By the Way, Brandi Carlile Breaks Through

By Erik Philbrook, ASCAP Editor in Chief  •  December 14, 2018

With a powerful album, six Grammy nominations and an all-women festival bearing her name, the acclaimed singer-songwriter hits new heights with both feet on the ground

Pictured above: Brandi Carlile at the 2018 Newport Folk Festival (Photo by Erik Philbrook)

When the Grammy Award nominees were announced on December 7th, Brandi Carlile's name kept popping up. In fact, Carlile ultimately was nominated for 6 awards, more than any other woman this year. That was no surprise to fans of folk-rock singer-songwriter, who has been creating an incredible body of work alongside her longtime collaborators, twin brothers Tim and Phil Hanseroth, for well more than a decade. Carlile’s 2018 album, By the Way, I Forgive You, is an emotionally powerful tour de force that confronts complex issues that only an experienced songwriter could weave into works of such poignant art. While Carlile has long cultivated a passionate fan base, she has also been a songwriter’s songwriter, and has gained the admiration of artists from across the musical spectrum. This year she elevated her craft and career, collaborating with Sam Smith and creating a video with actress Elisabeth Moss for her song “Party of One,” announcing her own all-women music festival [Brandi Carlile’s Girls Just Wanna Weekend] to be held in January 2019 in Mexico featuring Maren Morris, Indigo Girls, Margo Price, Patty Griffin, Lucius, KT Tunstall and others, and performing one of the most memorable sets at this year’s Newport Folk Festival. We had a heart to heart with Carlile backstage at Newport about her family, music, foundation and her hope for the future.

Your album focuses on the subject of “family.” You have your own growing family and you have people with whom you make music together - your bandmates – who are another type of family. What does family mean to you and how has it been important to you to have people in your life to support you on your musical journey?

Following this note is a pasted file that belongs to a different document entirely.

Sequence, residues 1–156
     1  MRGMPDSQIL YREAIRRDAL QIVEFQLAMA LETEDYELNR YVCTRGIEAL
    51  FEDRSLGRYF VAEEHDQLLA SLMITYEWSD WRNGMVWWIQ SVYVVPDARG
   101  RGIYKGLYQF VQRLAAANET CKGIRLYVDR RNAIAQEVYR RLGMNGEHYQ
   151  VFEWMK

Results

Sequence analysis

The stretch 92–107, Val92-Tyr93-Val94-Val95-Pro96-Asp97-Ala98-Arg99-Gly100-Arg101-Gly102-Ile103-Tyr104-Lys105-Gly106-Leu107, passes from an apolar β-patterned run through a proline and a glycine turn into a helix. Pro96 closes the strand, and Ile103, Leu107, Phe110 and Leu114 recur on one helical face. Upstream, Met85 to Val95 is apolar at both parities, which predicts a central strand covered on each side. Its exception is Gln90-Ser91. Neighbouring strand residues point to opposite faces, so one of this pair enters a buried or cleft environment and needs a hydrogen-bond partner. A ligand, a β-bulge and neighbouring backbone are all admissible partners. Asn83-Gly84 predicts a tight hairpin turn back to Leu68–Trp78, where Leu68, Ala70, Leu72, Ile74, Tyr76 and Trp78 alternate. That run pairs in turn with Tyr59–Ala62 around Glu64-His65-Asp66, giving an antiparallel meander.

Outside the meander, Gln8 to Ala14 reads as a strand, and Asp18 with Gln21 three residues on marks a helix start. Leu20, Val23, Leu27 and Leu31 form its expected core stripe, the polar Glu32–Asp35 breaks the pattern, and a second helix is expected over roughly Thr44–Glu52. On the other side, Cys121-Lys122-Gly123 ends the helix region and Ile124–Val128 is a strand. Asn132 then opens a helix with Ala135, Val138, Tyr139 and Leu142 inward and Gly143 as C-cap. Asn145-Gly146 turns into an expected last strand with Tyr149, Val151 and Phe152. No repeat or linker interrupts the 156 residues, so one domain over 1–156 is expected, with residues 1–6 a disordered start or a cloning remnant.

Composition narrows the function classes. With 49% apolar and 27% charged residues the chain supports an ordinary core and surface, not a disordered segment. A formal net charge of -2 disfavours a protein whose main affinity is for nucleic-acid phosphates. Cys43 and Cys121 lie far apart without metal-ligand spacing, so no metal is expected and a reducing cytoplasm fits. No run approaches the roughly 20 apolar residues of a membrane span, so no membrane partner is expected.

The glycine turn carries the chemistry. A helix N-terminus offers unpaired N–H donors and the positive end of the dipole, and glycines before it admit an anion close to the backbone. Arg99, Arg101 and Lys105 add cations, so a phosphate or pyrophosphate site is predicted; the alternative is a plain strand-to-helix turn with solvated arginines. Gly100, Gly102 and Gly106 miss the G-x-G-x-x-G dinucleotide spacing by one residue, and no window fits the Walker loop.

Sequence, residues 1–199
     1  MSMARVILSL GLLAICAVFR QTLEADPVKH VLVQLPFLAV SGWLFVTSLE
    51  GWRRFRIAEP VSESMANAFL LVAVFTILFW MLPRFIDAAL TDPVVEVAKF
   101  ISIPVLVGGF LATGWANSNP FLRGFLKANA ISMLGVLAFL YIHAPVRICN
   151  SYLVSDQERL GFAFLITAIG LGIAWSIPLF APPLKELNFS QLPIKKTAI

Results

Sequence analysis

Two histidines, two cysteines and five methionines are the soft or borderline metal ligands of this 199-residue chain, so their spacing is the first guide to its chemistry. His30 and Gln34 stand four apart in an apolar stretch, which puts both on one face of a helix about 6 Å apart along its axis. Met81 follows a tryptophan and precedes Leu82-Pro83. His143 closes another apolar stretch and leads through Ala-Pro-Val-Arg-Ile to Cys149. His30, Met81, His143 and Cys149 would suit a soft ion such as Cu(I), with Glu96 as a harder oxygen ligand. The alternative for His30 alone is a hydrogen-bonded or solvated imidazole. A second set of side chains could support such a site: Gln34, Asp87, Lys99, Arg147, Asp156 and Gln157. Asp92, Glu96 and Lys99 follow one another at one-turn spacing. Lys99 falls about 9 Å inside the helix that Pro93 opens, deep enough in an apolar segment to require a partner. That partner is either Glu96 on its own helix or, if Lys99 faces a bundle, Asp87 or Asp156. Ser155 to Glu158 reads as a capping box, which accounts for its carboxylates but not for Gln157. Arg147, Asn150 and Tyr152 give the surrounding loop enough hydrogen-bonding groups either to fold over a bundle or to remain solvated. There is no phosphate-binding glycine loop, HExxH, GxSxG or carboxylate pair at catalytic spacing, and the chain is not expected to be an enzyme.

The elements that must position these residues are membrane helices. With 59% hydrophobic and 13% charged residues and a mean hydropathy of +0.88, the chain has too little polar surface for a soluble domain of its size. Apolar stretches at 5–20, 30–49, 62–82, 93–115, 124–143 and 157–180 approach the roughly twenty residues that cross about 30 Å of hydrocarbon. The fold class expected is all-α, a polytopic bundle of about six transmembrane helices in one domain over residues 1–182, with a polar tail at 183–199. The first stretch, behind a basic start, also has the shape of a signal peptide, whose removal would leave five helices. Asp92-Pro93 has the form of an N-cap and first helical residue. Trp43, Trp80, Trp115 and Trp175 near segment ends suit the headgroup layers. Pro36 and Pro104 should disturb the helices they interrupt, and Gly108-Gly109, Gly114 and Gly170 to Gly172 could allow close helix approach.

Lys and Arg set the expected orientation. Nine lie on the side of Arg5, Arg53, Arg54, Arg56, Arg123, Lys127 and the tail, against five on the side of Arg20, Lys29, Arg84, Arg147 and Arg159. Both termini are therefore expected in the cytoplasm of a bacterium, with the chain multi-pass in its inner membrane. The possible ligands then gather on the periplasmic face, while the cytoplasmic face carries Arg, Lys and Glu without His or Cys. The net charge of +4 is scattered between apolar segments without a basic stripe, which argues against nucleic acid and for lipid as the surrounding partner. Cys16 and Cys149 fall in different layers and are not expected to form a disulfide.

Family is so important to me in a tangible way. They keep my feet on the ground, you know? This dream that we live in where we get to play music can often times feel so abstract and ethereal, you almost have to be out of the body to stand up in front of that many people and bare your soul like that. And so I think a lot of people have a hard time coming back into their body. But because I’ve got to come back into my body and change diapers and put my kids in a time out, and argue with my wife, but also be uplifted by them and their realness, I stay a more integrated person because of them.

Having a child and being a mother is such a life-changing event. You wrote a song, “The Mother,” about your daughter. Was it daunting to try to write about something that was just so larger than life up to that point?

The reason why it was daunting to write about it is because it’s not a glowing review of motherhood, you know? It’s the reality of the whiplash and the shock that can come from it. I think there’s a stigma attached to admitting that there are tough things about crossing the threshold from being a person who’s alone inside her mind to a person that will always and forever share their soul and psyche with other human beings, you know? No matter how many kids you have, no matter how old they get, until you die you’ll never be alone in your mind anymore. That’s a big commitment. There’s some grief that comes with that. Of course, it’s brilliant but that’s what "The Mother" is really about.